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“This is a totally obvious statement, but being the mayor of the City of New York is a tough job, and people need to make sure they have somebody who’s tough enough to lead, but smart enough to listen and to lead in a collaborative way.”
That’s how City Council Speaker Christine Quinn (D-Manhattan) responded to the first question asked of her during an interview last Thursday with the Queens Chronicle editorial board: the old standard, “What makes you the best candidate?”
Championing their constituents’ gripes about airplane noise over their homes, elected officials from Northeast Queens headed down to Washington, DC last Wednesday to convince the Federal Aviation Administration that its environmental review process was insufficient when it changed the procedures for planes departing from LaGuardia Airport last year.
State Sen. Tony Avella (D-Bayside), Assemblyman Ed Braunstein (D-Bayside), and Reps. Grace Meng (D-Bayside) and Steve Israel (D-Melville) agreed with federal and regional FAA representatives to meet again with lawyers and technical experts to discuss the legal arguments over implementing new flight paths without a cumulative environmental impact study. The first meeting is not scheduled yet.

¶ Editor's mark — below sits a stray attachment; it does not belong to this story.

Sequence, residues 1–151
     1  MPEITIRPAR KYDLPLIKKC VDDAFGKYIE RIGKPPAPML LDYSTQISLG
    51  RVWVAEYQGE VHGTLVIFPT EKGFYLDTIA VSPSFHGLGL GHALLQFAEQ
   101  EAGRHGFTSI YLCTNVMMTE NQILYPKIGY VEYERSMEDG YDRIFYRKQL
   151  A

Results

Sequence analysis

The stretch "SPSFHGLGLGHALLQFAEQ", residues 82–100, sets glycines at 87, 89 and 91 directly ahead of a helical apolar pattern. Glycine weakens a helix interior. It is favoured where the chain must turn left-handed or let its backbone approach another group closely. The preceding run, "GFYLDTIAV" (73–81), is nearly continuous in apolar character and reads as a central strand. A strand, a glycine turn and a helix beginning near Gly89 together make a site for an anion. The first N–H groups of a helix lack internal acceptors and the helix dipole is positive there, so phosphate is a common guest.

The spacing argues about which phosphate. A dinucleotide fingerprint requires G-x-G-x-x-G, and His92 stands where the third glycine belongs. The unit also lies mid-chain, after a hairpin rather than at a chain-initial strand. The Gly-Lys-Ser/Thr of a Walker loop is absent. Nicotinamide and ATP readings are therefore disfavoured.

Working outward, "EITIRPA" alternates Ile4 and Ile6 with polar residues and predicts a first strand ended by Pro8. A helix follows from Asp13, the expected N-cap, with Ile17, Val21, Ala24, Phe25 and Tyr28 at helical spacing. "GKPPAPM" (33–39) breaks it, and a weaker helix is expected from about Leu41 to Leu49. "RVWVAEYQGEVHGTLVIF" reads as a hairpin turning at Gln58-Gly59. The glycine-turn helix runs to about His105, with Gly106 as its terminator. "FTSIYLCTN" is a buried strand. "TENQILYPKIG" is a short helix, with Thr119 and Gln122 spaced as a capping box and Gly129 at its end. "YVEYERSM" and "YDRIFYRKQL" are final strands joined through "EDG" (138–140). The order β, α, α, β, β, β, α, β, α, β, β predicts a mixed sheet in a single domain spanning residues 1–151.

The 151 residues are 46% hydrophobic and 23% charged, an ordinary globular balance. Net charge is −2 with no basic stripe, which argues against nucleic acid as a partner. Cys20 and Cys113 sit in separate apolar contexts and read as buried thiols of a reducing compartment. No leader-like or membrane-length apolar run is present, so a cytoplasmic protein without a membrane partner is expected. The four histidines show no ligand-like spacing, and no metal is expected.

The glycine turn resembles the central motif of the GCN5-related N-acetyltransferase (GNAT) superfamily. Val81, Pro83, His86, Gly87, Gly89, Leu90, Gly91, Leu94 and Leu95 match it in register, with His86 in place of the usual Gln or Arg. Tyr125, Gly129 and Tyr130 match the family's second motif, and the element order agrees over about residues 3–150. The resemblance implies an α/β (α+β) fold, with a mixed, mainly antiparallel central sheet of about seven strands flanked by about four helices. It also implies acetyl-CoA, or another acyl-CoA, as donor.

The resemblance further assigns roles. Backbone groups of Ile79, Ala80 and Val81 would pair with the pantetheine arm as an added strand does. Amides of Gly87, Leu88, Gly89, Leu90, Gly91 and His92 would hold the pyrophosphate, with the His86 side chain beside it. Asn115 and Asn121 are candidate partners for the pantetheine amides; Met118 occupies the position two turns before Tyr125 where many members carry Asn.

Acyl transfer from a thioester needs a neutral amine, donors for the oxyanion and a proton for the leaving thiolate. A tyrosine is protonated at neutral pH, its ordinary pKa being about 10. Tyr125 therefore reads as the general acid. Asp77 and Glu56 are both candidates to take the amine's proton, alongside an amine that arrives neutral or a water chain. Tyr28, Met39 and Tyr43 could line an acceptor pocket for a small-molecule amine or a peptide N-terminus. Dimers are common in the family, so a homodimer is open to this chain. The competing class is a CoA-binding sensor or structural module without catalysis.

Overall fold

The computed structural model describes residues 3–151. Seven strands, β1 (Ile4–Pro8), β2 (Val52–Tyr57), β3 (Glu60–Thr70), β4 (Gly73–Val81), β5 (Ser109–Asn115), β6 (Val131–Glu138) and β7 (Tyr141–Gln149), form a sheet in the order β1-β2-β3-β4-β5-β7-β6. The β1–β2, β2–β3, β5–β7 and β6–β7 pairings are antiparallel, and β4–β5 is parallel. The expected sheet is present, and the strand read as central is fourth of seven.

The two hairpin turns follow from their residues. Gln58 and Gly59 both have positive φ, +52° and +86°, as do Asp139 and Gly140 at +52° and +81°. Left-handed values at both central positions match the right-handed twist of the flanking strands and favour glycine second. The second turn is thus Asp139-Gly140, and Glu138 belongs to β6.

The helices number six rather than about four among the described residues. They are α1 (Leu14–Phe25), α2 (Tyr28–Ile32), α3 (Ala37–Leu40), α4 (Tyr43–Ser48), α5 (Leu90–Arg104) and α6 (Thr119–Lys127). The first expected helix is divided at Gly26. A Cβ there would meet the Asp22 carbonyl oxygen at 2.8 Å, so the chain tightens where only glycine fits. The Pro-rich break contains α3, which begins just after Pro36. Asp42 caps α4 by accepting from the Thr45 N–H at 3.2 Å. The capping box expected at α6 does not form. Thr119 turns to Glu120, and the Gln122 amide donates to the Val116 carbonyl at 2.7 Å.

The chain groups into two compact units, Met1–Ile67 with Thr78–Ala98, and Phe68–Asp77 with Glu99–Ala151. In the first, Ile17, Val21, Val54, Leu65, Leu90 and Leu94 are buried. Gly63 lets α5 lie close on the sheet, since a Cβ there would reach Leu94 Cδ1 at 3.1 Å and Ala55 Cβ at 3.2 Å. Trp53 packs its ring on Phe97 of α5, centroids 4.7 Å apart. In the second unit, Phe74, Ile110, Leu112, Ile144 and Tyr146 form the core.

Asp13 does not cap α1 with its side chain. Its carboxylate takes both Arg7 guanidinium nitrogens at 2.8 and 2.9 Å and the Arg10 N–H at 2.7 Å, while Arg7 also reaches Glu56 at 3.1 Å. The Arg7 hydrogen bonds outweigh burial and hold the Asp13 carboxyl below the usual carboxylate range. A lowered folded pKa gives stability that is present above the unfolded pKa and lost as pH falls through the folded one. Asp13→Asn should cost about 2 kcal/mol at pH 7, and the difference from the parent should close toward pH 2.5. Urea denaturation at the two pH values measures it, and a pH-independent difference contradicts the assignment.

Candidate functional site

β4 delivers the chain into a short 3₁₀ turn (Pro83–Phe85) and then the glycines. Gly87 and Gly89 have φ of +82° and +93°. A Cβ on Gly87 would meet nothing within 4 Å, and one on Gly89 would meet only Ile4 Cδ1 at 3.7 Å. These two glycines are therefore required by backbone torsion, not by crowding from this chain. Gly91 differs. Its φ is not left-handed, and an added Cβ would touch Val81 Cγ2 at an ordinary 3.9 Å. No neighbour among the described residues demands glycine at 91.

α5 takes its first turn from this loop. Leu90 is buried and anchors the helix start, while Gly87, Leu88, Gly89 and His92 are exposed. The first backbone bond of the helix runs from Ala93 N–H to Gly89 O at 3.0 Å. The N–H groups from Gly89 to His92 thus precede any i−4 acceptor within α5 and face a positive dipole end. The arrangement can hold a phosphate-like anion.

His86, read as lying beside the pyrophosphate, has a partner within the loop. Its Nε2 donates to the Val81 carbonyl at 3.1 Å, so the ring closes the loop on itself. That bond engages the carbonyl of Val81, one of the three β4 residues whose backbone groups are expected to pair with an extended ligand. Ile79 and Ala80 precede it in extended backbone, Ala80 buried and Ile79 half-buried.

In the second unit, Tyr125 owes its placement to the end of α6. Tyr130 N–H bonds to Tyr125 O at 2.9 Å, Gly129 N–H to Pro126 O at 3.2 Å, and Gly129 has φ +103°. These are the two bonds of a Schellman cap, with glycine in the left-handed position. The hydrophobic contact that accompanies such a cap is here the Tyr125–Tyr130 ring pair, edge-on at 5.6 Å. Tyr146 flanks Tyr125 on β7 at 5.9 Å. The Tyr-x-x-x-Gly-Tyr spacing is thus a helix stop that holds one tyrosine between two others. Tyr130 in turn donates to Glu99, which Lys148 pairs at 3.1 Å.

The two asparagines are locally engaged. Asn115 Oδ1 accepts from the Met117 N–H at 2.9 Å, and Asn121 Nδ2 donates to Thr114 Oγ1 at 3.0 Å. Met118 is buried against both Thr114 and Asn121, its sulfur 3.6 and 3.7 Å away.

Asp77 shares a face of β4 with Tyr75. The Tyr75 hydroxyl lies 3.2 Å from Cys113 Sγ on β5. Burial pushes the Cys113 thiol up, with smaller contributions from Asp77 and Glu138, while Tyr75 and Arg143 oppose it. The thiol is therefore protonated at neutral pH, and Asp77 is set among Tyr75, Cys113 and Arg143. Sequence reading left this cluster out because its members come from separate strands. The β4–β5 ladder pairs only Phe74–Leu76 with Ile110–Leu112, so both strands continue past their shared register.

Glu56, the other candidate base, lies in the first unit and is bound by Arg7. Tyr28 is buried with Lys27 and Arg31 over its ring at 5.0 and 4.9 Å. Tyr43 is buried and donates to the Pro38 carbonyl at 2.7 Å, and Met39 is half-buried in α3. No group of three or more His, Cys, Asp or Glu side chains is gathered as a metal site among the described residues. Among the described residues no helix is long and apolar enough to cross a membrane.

It doesn’t say all that much for our political situation when it’s worth going out of our way to congratulate an honest politician. But that’s how it is.
“Shocker! Post finds honest NY politician” a New York Post page 2 headline blared last Saturday. That politician is Queens City Councilman Jimmy Van Bramer (D-Sunnyside), who blew the whistle on a builder’s alleged efforts to bribe him.
(BPT) - Often, we don’t think about heroism until we see it in action - when disaster strikes and ordinary people exhibit extraordinary courage and compassion to help victims in their time of need. The truth is, however, that the best of human nature is on display every day in the lives of millions of Americans who work in public service jobs across the country. Sometimes all it takes to tap that inner hero is an opportunity – and the education – to serve others.
“Gravity of the Sculpture: Part II” will remain on display at The Dorsky Gallery, 11-03 45 Ave., Long Island City, through July 3. Call (718) 937-6317, email firstname.lastname@example.org or visit dorsky.org.